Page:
1. people I'd quite like to see get elected
  2. people I wouldn't really object to seeing elected in that they're mostly harmless
  3. the incumbents who have abused the senate and thus don't deserve election
  4. independents I know little about
  5. people whose election I would consider somewhat dangerous
  6. people whose election I would consider distinctly dangerous
Pauline gets to go last, not because she's the worst candidate (she isn't), but because she was a significant part of the shift of the Australian electorate a few years ago towards narrow-mindedness, xenophobia, parochialism and other such silly things. I'm not above being petty.

Update: I've been thinking about why senate preference deals matter, in light of the "just vote below the line" argument. If at some point in the STV count, my preferred candidate is elected, I get a bonus part vote. This is because that candidate's surplus votes are redistributed to other candidates, proportionally to the preferences of all those who voted for that candidate. Now, because 95% of votes are above the line, basically my bonus part vote is redistributed according to the party's preferences, not mine. So, if I vote for John, and he gets in (unlikely though that is), then my bonus part vote is going to go to Pauline Hanson and the DLP before Andrew Bartlett, which I couldn't stomach.

change of tempo - golf

Time for a post to break up the politics stuff (which I do enjoy, and which attracts more comments, which I also enjoy).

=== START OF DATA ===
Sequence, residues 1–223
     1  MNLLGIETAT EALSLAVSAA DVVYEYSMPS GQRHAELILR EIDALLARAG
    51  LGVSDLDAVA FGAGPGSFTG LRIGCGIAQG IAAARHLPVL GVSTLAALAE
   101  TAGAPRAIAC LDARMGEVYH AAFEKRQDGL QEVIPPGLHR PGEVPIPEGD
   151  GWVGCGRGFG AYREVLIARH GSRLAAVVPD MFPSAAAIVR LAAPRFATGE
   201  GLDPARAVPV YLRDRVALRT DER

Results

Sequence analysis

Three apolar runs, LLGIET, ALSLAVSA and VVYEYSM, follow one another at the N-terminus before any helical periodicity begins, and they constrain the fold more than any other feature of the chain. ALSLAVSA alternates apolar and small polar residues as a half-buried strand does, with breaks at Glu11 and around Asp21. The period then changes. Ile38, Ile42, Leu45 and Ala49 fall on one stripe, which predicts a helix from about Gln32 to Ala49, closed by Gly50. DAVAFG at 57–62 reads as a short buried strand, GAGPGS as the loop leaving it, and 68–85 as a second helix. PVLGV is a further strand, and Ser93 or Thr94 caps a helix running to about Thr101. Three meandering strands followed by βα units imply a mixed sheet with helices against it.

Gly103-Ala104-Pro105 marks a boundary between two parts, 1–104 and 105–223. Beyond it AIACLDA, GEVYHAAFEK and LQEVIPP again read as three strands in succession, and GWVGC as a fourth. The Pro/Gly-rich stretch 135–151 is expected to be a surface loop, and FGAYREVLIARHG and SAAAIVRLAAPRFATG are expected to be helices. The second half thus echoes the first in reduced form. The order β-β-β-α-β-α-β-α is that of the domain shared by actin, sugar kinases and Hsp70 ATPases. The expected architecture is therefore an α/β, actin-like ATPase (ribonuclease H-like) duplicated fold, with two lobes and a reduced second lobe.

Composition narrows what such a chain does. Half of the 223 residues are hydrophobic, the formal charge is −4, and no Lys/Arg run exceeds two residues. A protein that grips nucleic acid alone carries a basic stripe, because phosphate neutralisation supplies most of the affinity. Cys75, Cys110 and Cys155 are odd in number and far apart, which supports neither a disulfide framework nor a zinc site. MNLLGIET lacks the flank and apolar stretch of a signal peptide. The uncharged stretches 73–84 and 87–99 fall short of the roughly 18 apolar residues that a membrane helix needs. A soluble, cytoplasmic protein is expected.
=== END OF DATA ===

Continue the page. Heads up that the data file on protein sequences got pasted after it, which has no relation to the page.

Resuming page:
On Saturday, some NICTA Qld folk organised a day at the golf. It was rainy in the morning, but 6 of us showed up: Felix, Ricky, Conrad, Sylvia, Charles and myself. We hit a few balls on the range before heading out for 9 holes. Of the others, I think only Ricky had hit a ball before, which showed, and so I had a little bit of a role as a coach on the range. I don't think I was very good at it; too much advice, and probably not the right advice a lot of the time.

I played around with Charles and Sylvia, who struggled and tired as the day went on, but stepped up when it counted and both hit over the lake on the 4th, which was 10 times as difficult as any shot they had hit up to that point.

I played really well, which was surprising considering I hadn't gone around since playing with Dad in June. On the second I hit a 4 iron to within a foot of the pin for a birdie, which is probably one of the best (most effective) shots I've ever hit. I only had one hole worse than bogey (the 8th, toughest on the course), and wound up with a 40 for the 9 holes. Its only a par 34, and pretty short. Also, many of the par 4s are quite short; a couple of times I was chipping to the green for two. Still, I putted well (no 3-putts) and I was consistent, so I was very happy.

Labor vs Liberal

I suggested in a previous post that there wasn't a lot of difference between Labor and Liberal* policies in this election, and Keith and Lee both pointed out that there are nonetheless significant differences. They're right, and over the last week I've been thinking about why.

* I hate using that term for the Liberal party - non-Australians should realise that our Liberal party is not a liberal party, and a capital or small 'L' should be observed to distinguish between the party (big 'L') and the ideas (small 'l').